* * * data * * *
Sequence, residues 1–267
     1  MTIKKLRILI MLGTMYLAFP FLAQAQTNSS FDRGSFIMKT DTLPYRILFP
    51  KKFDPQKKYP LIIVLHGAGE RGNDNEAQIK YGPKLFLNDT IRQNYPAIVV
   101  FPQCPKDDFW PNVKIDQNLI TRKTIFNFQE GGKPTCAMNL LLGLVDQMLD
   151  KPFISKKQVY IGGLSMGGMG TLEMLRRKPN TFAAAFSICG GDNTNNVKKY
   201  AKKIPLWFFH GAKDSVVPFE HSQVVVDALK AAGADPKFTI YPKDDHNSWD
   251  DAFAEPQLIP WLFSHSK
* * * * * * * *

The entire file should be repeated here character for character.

Sequence, residues 1–267
     1  MTIKKLRILI MLGTMYLAFP FLAQAQTNSS FDRGSFIMKT DTLPYRILFP
    51  KKFDPQKKYP LIIVLHGAGE RGNDNEAQIK YGPKLFLNDT IRQNYPAIVV
   101  FPQCPKDDFW PNVKIDQNLI TRKTIFNFQE GGKPTCAMNL LLGLVDQMLD
   151  KPFISKKQVY IGGLSMGGMG TLEMLRRKPN TFAAAFSICG GDNTNNVKKY
   201  AKKIPLWFFH GAKDSVVPFE HSQVVVDALK AAGADPKFTI YPKDDHNSWD
   251  DAFAEPQLIP WLFSHSK